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Gutka consumes life of one brother, eating up another

Saturday, 21 July 2012 - 2:50pm IST | Place: Pune | Agency: DNA
Out of fear, Kabir didn’t tell anyone about his problem.

Nearly three months ago, when Bhawani Peth resident Kabir Khan was performing his brother’s last rites, a fear engulfed him.

His elder brother died at the age of 49 after struggling for many months with mouth cancer. Khan knew well about his elder brother’s gutka chewing habits. He also remembered the doctor’s advice that years of gutka chewing might have led to the deadly disease.

The younger Khan too chewed at least 10-12 gutka packets a day and was now fearful that the lump in his mouth that refused to go might turn out to be cancerous despite several local treatments. On March 17, he laid his brother to rest and two days later he went to visit his brother’s oncologist for a check-up.

“His brother got affected with the same cancer and Kabir was tending to him. After his brother underwent operations, his face got disfigured. Kabir got very scared on seeing all that and didn’t tell us for a long time about his problem,” said Kaleem Kazi, a bank employee and Kabir’s friend and maternal cousin.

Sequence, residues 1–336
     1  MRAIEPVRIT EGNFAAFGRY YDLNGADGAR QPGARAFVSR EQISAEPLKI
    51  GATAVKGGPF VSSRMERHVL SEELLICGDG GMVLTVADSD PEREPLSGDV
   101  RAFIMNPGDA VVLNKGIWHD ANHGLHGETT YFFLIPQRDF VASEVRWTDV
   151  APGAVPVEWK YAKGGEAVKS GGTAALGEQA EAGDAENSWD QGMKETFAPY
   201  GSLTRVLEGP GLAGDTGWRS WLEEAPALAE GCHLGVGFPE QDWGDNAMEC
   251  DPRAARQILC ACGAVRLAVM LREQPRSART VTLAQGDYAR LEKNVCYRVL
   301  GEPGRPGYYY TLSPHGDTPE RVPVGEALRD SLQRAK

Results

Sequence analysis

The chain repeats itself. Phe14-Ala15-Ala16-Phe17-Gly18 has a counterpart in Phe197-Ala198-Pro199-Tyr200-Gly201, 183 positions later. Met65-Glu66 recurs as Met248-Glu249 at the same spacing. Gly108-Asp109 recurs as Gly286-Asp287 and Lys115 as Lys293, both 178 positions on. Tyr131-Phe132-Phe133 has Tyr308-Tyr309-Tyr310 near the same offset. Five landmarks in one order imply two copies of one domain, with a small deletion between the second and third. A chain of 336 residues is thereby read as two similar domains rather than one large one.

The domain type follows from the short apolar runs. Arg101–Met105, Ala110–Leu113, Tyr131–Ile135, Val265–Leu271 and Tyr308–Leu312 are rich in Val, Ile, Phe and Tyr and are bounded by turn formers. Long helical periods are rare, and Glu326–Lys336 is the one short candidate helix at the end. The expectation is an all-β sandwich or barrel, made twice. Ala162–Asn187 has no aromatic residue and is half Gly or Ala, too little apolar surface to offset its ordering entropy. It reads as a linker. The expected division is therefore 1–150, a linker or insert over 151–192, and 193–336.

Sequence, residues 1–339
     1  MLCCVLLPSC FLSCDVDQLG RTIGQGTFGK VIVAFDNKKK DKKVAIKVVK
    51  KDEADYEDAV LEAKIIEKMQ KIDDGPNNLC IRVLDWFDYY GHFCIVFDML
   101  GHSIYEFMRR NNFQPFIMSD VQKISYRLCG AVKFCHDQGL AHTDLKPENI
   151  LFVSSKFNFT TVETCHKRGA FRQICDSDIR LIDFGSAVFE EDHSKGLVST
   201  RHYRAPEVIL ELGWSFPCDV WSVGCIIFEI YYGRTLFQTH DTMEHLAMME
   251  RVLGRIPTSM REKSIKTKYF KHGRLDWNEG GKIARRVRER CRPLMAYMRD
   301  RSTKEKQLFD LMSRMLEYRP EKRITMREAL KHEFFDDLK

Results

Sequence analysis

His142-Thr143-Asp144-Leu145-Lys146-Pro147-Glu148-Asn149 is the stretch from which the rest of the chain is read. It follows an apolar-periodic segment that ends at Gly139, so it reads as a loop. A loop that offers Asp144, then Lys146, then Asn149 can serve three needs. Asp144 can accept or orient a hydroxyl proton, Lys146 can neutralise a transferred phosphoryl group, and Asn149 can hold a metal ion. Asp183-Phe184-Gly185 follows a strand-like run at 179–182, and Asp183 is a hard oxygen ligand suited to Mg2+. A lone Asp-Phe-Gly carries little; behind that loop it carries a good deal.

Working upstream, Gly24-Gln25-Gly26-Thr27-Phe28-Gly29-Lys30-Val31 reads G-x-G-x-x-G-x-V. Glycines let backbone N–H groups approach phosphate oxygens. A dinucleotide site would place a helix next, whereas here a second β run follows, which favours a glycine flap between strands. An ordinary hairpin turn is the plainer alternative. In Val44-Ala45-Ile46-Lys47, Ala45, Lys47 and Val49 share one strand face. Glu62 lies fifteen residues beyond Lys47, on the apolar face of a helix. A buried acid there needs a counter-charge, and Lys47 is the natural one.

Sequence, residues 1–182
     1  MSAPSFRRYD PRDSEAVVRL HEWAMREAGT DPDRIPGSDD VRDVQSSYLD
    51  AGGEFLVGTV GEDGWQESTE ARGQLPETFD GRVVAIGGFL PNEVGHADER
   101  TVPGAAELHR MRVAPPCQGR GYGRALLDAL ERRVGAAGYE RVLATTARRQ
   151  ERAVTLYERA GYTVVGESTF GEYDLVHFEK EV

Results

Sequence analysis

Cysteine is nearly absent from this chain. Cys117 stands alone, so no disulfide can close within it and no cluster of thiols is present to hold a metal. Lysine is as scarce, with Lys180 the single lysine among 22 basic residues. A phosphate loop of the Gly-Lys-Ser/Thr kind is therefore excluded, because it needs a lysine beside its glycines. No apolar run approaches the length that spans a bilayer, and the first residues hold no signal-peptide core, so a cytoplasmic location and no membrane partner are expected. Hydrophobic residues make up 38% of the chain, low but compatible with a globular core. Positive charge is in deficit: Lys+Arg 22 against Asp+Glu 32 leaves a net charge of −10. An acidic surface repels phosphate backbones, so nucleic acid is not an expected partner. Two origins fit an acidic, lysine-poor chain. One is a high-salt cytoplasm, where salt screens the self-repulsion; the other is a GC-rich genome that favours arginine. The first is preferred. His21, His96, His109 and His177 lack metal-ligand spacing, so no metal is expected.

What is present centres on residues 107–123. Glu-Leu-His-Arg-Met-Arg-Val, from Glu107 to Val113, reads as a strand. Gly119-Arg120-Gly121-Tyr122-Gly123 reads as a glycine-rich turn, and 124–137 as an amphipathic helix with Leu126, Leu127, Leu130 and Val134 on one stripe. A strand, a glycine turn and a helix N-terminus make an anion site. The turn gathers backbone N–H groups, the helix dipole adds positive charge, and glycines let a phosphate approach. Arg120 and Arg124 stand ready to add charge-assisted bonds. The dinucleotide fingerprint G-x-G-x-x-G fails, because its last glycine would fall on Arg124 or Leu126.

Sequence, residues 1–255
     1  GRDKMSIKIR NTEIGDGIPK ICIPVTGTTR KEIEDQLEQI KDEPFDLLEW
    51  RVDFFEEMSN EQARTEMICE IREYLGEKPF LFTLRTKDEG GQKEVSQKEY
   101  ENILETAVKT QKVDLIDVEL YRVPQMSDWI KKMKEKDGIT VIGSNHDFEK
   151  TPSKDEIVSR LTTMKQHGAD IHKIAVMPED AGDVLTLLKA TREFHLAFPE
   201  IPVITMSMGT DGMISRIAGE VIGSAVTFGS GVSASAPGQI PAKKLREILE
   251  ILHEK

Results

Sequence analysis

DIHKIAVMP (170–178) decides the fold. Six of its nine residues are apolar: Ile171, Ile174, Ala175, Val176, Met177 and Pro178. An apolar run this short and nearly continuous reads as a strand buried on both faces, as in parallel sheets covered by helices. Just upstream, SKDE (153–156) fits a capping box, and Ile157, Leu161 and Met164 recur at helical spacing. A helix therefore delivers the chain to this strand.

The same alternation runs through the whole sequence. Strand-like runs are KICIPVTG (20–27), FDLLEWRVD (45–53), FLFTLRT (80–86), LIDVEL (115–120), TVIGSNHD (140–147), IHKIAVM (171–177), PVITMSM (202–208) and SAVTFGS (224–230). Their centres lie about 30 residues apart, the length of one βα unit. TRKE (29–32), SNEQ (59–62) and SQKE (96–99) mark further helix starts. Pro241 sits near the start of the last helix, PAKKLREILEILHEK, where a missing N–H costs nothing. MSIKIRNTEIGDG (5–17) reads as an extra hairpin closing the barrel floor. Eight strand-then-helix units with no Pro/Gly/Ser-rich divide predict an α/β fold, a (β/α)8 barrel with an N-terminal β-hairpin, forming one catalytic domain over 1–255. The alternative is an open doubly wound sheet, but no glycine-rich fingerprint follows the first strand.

“It was only after his brother’s death that we noticed a hard lump on the right side of his face and he disclosed about his problem,” Kazi added.

Several sessions of chemotherapy have followed since then, but Kabir’s cancer has progressed.

Part of his right cheek has been eaten up by cancer and he has lost all his hair too. “He can barely open his mouth by half an inch and we cannot even understand what he speaks at times,” said Kazi. DNA’s series on gutka-affected families prompted Kazi to share his friend’s story.

“They were four brothers and two sisters. Two brothers died natural deaths. One has died of gutka cancer and Kabir’s fate is unknown. Their family was very rich as they had a successful cement business. But since the breadwinners are dead, the business has shut. They lost their flats, cars and are today dependent on relatives and friends for medicine and food,” said Kazi.

Though he is also helping his friend in his time of crisis, he admits it is not enough.

“Their income is zero and expenses are at least Rs40,000 per month for medicines. Yet, Kabir’s only worry is his two unmarried sisters. They were dependent on him and he keeps begging everyone to look after them if something happens to him. This gutka addiction is really evil and I felt very strongly to say this after seeing my friend’s family getting destroyed because of it,” said Kazi.




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